Collective guilt Is a catastrophic mistake
During my lifetime, the national conversation about race has gradually moved from culpability for individual behavior to culpability for ideology to collective culpability without regard to behavior or ideology.
This transition is significant. It is deliberate. And it is dangerous.
Focusing on "discrimination," as our laws have done for decades, places the emphasis on conduct , which can be clearly identified and prohibited. Individuals (or groups) who engage in that prohibited conduct can be penalized.
Punishing an attitude of racism, however, is more problematic. It is one thing to condemn it. But how do you penalize or sanction it, apart from the conduct that reflects it?
Contemporary race theorists and activists have chosen to expand their definitions even further to encompass what they now call "systemic racism" and "white privilege." These newer, broader definitions of the reprehensible sweep much wider swaths of people into the "racism" net, no matter how beneficent and inclusive their personal attitudes and actions may be.
According to these theories, one is culpable simply for having "benefitted" from a system in which blacks and other minorities were -- and are -- discriminated against. "Race" is not only a "social construct"; it becomes a matter of economic identity, rather than ethnic identity. Even nonwhites who have succeeded in this system become "white" by virtue of that success. Conversely, whites who have endured poverty, discrimination, broken homes, substance abuse or countless other factors beyond their control that have impeded their own upward mobility are told that those struggles are irrelevant to their "privilege."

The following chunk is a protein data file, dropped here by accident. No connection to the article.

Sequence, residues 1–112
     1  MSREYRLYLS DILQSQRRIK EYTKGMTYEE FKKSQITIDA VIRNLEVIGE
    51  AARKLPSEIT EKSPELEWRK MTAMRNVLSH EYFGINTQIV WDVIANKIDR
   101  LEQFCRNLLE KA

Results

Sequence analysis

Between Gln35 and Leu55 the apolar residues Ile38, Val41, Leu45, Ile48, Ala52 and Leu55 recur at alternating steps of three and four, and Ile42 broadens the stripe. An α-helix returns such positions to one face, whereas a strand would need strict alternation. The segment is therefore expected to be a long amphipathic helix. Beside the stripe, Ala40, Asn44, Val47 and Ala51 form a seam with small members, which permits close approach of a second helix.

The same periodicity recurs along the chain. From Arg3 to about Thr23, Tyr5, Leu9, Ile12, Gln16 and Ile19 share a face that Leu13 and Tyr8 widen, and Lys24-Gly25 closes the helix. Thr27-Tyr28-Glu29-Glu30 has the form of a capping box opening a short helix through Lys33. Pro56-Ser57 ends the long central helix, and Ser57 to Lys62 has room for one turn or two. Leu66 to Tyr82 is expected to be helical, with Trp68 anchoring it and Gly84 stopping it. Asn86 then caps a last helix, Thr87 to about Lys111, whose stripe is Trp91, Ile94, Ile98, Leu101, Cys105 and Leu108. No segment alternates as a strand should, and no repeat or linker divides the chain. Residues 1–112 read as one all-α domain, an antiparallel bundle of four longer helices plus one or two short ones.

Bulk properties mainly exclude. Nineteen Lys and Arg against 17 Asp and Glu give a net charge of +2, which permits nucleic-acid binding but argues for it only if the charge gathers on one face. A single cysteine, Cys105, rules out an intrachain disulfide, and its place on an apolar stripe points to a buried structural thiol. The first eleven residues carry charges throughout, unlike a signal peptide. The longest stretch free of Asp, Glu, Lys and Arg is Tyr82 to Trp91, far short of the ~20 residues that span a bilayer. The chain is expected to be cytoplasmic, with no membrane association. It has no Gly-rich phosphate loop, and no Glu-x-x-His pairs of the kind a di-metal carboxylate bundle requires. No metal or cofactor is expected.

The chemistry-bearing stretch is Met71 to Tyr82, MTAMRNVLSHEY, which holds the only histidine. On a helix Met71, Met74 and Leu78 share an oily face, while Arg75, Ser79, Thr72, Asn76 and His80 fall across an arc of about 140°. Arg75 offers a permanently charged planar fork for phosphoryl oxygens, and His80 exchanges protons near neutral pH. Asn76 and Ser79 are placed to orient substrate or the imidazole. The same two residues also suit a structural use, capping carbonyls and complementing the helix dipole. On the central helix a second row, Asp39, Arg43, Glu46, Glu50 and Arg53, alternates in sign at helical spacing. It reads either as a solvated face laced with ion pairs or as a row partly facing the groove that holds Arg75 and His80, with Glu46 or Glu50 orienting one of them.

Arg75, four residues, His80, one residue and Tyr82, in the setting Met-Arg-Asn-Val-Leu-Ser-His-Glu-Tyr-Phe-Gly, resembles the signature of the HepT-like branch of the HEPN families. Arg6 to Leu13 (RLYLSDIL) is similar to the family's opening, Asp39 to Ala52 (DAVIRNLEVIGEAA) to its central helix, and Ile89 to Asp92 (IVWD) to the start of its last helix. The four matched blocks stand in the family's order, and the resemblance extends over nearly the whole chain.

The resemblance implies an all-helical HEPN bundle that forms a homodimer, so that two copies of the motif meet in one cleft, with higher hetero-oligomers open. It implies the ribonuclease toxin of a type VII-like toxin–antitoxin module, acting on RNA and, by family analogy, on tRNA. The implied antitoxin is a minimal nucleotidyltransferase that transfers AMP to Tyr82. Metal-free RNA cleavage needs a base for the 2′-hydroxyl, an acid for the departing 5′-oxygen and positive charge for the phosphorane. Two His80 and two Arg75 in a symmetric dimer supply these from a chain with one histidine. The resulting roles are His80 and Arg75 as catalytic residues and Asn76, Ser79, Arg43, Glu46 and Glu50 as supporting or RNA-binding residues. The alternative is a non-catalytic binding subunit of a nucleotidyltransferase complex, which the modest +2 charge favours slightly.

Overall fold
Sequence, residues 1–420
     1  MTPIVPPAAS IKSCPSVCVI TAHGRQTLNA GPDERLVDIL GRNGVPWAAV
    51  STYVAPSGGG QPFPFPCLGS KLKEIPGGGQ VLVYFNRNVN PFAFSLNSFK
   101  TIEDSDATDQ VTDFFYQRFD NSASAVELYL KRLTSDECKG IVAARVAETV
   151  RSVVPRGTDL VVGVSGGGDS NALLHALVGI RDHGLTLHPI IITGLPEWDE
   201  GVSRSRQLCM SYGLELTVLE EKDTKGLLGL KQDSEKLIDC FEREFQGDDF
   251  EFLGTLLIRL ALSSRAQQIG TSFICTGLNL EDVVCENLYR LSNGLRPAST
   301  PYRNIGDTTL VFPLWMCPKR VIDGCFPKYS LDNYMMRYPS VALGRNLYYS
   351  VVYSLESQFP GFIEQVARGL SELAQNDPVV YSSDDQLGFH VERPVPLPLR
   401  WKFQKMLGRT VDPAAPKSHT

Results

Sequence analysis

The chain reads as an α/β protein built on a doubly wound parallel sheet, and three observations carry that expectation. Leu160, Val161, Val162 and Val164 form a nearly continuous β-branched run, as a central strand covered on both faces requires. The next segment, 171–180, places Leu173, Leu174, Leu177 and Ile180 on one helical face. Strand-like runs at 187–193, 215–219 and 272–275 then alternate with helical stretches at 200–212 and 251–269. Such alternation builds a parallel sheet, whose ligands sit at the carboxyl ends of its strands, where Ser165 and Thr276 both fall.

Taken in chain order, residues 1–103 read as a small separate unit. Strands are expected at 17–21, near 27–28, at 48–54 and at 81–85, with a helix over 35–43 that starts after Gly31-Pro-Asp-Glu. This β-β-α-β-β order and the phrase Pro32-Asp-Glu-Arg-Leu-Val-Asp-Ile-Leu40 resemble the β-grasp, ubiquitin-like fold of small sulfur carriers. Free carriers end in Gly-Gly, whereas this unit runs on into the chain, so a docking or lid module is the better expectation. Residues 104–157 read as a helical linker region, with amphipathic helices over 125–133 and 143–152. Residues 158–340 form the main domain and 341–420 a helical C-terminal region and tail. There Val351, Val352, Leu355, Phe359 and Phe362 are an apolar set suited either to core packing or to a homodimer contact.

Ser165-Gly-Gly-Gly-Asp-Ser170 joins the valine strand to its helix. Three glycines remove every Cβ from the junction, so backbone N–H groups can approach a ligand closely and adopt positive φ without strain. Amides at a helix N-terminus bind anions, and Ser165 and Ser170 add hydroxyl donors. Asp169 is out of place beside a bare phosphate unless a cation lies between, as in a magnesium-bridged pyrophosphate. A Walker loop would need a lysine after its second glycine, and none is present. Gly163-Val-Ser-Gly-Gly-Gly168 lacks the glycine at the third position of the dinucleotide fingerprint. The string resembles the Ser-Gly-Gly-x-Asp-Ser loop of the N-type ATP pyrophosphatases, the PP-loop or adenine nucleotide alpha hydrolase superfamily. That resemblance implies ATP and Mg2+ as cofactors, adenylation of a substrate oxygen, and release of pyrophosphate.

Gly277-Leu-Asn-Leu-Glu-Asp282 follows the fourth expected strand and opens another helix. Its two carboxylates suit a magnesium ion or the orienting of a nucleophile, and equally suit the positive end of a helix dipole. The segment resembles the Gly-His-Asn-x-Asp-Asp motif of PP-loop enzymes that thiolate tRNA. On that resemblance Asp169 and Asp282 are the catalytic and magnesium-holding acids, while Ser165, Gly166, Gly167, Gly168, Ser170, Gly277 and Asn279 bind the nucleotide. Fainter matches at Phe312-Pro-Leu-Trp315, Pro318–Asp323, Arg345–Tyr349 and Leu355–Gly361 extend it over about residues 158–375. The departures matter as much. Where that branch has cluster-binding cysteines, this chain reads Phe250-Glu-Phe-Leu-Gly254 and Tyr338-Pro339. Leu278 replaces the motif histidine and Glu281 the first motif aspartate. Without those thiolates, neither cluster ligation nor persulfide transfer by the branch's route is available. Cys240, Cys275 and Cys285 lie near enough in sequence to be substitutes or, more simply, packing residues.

It is one thing to acknowledge that blacks have suffered grievous discrimination, and that the consequences of that continue to this day. Those are the ugly facts. Similarly, when white Americans -- or anyone who has not personally endured bias and discrimination -- vow to do everything in their power to make their community and our country a better place, that is individual agency, not collective guilt.
But some of the current calls for "honest conversations" entail members of the "privileged" classes admitting to collective culpability. This is cast as a precursor to "healing," and many well-intentioned people are more than willing to do it. I have read tweets and emails, and watched videos in which white Americans kneel, bow their heads in supplication, beg for forgiveness for the wrongs committed by other people or refer to themselves as "recovering racists" simply because they are white.
This is insulting, offensive and dangerous.
First, it runs completely counter to one of the most fundamental tenets of the American legal tradition: We do not punish people for the crimes or wrongdoing of others.